Teachers are constantly assessing, as they ask questions in lessons and lean over shoulders to read work in progress. We place great pride in this style of formative assessment during lessons that support the next steps in learning.
At Bousfield, we make sure our teachers keep up-to-date with the latest developments in teaching and learning. Central to this is having a whole-school ‘growth mindset’ learning culture.
This places a great emphasis on learning by mistakes and we make much of ‘good mistakes’ in lessons encouraging resilience and a positive attitude to meeting challenges and learning from them.
Regular assessments are made of each child's progress and these are used by teachers to plan the next steps in learning. Children are strongly encouraged to enter into a daily dialogue with their teacher about how they have found each day’s task.
Formal termly assessments are also conducted in English, Maths and Science, and the next steps in learning are shared with parents at termly parent/teacher conferences. In addition, parents and carers receive a written Annual Report in the summer term which summarises their child's overall progress and attainment.
Primary School Assessments
Standard Assessment Tests (SATs)
We also value summative assessments, where the children are tested against national standards called Standard Assessment Tests (SATs). The SATs' content mirrors the content of the National Curriculum exactly and focuses on the core subjects - English, Maths and Science. These are conducted at the end of each Key Stage of learning.
Teachers can compare how well each child is doing with their peers, both in their school and across the country. They can also measure how much each child improves from one Key Stage to another.
These are conducted in all government-funded primary schools in England and the school follows the Government's Guidance for these tests.
SATs are made up of a combination of testing and teacher assessment judgements. Students in Year 2 and Year 6 take these tests in May.
For more information
Reception - Baseline assessment
Children who start Reception in September 2021 will be the first group to take the new Reception Baseline Assessment (RBA) during the first six weeks of the autumn term. It is not a test, but rather a baseline measure to track pupils’ progress during primary school and which children are likely to need extra help.
The teacher-led one-to-one assessment is 15 minutes and focuses on communication, language, literacy, and maths. Children will be asked to answer questions verbally or by pointing at or moving objects.
Year 1 - Phonics Screening Check
The Phonics Screening Check tests children's knowledge of phonics with a mixture of real and nonsense words at the end of Year 1. All students in Year 1 in England must take the Screening Check.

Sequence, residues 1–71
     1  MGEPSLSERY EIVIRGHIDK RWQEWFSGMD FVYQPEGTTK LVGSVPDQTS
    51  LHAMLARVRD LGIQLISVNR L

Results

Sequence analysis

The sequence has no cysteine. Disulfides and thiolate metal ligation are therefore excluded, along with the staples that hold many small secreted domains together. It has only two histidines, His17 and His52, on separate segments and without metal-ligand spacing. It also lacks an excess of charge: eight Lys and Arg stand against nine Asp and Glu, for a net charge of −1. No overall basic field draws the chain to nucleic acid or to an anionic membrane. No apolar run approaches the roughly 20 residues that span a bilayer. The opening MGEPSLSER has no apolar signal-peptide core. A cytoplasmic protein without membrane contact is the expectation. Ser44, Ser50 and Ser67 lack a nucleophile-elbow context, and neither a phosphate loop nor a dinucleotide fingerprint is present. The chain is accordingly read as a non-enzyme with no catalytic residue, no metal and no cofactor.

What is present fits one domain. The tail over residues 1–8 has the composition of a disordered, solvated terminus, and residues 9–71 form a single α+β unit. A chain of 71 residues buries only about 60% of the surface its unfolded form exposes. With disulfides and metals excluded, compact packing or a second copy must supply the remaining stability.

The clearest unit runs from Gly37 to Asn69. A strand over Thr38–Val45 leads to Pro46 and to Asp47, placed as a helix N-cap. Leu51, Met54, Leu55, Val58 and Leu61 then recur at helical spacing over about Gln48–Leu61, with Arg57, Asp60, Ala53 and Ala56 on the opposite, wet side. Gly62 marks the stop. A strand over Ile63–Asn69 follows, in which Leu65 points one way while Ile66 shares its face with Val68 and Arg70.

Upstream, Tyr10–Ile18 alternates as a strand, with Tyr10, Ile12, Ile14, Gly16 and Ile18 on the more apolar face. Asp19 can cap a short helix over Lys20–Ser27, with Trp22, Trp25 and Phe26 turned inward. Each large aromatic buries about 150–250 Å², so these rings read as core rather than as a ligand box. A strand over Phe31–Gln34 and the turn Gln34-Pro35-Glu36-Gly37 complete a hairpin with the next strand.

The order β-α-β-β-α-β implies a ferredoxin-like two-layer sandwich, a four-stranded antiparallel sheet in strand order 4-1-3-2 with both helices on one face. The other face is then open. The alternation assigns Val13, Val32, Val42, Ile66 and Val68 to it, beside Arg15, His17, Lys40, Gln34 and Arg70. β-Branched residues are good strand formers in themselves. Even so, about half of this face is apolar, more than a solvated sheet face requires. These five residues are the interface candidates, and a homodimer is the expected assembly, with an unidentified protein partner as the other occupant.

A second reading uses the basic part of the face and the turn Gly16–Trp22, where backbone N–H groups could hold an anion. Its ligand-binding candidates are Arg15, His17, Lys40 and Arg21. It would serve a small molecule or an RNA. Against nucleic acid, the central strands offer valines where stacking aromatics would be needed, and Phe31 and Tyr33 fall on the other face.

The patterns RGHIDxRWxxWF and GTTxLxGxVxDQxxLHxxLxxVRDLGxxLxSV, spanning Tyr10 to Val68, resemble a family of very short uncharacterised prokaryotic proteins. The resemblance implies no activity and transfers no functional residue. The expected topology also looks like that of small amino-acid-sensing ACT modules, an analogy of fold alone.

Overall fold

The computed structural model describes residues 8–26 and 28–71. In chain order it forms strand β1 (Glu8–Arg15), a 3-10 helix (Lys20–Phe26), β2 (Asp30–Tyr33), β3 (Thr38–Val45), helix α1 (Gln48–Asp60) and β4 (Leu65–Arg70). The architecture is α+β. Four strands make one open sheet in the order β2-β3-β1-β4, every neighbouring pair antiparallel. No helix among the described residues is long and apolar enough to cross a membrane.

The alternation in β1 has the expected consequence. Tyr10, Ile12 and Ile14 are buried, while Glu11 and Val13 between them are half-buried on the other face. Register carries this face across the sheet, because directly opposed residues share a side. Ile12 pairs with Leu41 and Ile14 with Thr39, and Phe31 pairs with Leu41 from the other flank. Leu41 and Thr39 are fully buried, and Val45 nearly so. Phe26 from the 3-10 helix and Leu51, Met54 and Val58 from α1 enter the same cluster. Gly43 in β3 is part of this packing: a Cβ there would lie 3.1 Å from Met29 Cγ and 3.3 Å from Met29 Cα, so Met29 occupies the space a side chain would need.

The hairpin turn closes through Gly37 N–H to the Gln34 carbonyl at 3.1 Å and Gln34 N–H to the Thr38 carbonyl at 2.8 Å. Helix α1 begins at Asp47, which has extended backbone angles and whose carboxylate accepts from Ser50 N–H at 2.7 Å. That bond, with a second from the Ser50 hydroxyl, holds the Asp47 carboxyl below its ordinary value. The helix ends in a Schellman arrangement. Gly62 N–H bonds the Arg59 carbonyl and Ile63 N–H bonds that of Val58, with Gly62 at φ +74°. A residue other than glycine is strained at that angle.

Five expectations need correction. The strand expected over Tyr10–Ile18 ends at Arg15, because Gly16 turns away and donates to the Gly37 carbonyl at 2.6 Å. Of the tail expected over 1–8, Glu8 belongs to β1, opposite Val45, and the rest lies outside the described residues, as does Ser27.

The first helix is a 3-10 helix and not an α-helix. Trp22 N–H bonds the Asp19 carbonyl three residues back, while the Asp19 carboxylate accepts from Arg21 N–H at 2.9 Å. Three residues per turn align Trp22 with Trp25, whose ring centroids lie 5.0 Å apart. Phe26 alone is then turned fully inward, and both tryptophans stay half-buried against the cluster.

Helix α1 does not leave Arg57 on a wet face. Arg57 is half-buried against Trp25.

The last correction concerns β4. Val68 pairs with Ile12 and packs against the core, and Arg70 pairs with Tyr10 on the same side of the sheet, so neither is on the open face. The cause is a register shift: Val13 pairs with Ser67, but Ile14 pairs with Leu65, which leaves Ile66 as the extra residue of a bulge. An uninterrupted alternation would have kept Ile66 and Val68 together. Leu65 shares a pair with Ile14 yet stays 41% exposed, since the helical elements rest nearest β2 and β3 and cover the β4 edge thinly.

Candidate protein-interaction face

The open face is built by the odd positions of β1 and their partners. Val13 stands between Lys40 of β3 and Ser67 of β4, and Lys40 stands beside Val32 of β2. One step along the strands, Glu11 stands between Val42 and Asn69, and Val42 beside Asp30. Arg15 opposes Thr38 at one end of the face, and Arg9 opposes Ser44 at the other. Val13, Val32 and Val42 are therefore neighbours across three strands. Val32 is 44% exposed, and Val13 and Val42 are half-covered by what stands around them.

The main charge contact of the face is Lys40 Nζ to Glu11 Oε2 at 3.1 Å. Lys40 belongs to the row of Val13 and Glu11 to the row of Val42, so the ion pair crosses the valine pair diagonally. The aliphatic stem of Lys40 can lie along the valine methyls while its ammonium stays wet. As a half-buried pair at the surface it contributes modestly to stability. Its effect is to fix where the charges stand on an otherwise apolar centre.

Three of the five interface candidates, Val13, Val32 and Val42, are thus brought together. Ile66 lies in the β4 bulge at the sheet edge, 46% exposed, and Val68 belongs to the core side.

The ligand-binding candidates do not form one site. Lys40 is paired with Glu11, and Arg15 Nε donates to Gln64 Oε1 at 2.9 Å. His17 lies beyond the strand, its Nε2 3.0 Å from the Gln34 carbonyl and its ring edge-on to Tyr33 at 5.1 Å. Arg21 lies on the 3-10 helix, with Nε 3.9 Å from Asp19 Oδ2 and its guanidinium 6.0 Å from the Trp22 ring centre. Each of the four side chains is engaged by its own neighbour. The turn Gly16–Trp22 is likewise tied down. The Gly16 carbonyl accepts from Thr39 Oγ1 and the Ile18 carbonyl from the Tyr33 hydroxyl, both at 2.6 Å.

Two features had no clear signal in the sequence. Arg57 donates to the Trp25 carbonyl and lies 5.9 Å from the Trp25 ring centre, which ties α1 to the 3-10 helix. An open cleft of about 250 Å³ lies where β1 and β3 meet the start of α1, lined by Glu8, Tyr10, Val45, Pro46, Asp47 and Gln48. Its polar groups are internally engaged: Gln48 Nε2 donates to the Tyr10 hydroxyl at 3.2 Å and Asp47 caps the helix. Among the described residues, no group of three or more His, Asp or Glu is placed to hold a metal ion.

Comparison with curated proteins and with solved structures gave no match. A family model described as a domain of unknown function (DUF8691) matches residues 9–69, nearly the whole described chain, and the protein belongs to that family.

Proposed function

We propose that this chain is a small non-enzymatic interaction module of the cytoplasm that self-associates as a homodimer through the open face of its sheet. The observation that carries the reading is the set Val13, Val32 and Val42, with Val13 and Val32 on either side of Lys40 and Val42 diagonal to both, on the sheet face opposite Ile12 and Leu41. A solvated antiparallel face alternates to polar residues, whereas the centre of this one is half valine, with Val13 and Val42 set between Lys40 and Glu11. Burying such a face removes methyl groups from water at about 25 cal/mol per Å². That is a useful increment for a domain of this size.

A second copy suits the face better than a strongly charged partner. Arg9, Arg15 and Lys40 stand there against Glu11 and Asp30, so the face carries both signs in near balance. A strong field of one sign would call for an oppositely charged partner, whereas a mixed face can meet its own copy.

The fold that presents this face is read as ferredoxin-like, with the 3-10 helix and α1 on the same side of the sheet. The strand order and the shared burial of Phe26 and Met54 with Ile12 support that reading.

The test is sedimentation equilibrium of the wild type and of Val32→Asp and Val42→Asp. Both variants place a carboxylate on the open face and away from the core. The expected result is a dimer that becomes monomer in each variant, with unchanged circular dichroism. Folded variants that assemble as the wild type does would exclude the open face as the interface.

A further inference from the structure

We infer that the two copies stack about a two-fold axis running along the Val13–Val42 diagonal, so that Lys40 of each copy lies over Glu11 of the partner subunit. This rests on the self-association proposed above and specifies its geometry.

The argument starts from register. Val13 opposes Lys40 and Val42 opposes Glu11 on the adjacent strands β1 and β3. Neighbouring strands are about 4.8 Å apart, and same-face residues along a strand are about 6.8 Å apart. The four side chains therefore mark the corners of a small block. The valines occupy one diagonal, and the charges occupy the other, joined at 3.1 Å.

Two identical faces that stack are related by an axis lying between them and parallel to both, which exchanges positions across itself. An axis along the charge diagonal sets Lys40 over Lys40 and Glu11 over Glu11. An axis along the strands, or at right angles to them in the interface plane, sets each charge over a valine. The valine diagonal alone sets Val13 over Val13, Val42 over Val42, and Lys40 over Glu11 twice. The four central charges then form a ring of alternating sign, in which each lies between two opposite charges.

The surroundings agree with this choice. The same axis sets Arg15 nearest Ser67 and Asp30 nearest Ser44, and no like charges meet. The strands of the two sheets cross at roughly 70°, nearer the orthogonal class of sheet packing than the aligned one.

Conducted in June, this screening includes 40 words and non-words which are divided into two sections – one with simple word structures of three or four letters, and one with more complex word structures of five or six letters.
These are “short, light-touch assessments” that take about four to nine minutes to complete. It is a pass or fail result and those children who fall below the pass mark get extra help. Pass from past papers were 32 out of 40 words read correctly.
Year 4 - Multiplication Tables Check (MTC)
In June 2022, it will be the first time Year 4 children will take a formal test of multiplication skills in all English maintained schools.
By the end of Year 4, children are supposed to know their times tables up to 12x12 - under the current National Curriculum; and this check helps ensure that children get the support they need if they are falling behind.
Based on Maths Mastery - knowing basic facts to build maths knowledge and learning - they check tests whether they recall their multiplications accurately and quickly. Children will use the computer for an onscreen check to take this test for no longer than 5 minutes. Children will have 6 seconds to answer each question in a series of 25.
Department for Education Video
We choose to use optional tests at the end of Years 3, 4 and 5. Schools in England are not required to conduct these tests and focus on English and Maths.
These results are then kept in our digital records enabling us to set targets for each child for the following year and to ensure progression throughout Key Stage 2.
All children from Year 2 upwards do a Reading and Spelling test at the start and end of the year, and those who score below their chronological age, are re-tested mid-year to monitor progress. These results are reported to parents.